Rideout, '41, Tom Adams, '40, Jane
Cawley, James Hammond, '40, Ralph
Erlewine, '39 Ralph Roseman, "39,
Alberta Wood, '40, Bernard Weiss-
man. '39L, S. R. Kleiman, '39, Charles
Dolph, 39, Ronald Freedman, '39,
Albert Mayio, '39, Robert Perlman,
'39 and Earl Luby, '39.
Research Fund Is Named
T.TV, of IMS ..f rsar®

ly with the Amalgamated Associa-
tion of Iron, Steel and Tin Workers
of North America.
Justices Reed and Black dissented
in each of the three decisions against
the Labor Board. Justice Frankfurter
a new member of the court, did not
participate in these decisions.
Justice Roberts, in his majority
opinion in the Sands Case, upheld the
Company's contention that violation
of a contractual provision not to
strike severed the employe relation.
He said that when negotiations
between the Company and the
Mechanics Educational Society of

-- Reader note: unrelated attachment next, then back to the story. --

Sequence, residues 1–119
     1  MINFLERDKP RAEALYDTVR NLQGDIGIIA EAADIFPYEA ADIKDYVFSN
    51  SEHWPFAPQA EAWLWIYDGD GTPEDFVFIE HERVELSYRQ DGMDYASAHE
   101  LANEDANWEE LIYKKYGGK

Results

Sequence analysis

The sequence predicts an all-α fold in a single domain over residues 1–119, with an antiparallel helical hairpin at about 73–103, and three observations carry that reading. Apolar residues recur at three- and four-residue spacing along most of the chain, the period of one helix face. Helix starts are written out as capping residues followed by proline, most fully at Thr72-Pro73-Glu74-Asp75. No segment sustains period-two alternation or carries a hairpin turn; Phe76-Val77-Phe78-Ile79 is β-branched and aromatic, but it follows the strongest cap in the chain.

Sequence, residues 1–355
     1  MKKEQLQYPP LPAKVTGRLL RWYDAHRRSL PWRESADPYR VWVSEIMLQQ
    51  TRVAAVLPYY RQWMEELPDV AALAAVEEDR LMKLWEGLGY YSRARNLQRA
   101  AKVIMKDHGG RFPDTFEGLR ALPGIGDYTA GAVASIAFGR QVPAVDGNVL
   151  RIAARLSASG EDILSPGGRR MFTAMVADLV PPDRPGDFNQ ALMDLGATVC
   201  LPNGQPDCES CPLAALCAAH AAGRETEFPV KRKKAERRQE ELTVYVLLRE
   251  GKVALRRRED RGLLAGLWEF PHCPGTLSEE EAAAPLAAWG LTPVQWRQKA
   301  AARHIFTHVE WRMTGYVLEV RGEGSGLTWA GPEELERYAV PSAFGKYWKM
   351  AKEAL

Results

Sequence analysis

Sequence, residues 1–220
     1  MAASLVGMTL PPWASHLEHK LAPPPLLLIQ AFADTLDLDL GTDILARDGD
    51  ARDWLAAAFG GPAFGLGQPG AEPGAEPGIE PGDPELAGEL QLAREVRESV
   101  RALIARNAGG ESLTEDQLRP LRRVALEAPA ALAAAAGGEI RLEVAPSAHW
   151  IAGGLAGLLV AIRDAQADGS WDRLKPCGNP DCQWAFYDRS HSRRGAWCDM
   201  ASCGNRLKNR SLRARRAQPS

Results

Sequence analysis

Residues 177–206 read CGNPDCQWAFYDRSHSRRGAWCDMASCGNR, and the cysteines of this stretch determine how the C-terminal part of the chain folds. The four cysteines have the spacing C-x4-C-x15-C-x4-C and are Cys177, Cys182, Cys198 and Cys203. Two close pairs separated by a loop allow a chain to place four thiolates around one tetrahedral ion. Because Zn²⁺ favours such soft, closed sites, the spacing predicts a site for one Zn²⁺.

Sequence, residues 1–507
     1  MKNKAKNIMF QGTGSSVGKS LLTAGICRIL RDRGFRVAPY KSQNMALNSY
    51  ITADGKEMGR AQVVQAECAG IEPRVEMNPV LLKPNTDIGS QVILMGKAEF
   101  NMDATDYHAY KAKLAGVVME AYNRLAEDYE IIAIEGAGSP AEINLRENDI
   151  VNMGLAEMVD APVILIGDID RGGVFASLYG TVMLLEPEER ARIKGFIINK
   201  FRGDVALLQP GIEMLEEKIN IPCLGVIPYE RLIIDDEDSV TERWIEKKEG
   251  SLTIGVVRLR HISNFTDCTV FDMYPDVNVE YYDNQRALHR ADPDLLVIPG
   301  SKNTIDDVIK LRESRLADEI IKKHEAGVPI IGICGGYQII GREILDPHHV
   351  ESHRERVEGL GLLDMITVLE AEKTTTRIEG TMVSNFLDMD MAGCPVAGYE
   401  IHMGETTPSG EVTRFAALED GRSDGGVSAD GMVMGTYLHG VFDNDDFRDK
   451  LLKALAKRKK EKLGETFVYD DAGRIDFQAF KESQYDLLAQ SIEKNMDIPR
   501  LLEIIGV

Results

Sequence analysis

America (MESA) broke up and the
factory was closed, the "respondent,
rightly understood that the men were
irrevocably committed not to work in
accordance with their contracts."
"It was at liberty," Roberts con-
tinued, "to treat them as having
severed their relations with the com-
pany because of their breach and
to consummate their separation from
the company's employe by hiring oth-
ers to take their places."
The Court also set aside two other
Board orders for reinstatement. One
involved the Sands Manufacturing
Company of Cleveland, and in this
case the Supreme Court .held that
employes who strike in violation of a
contract sever their relations with
their employer.
Kennedy Voices Protest
Against British Plan
LONDON, Feb. 27.-(P)-United
States Ambassador Joseph P. Ken-
nedy told Foreign Minister Viscount
Halifax, today that United States
nhli' nnirinn nnnn ed the rela-tinn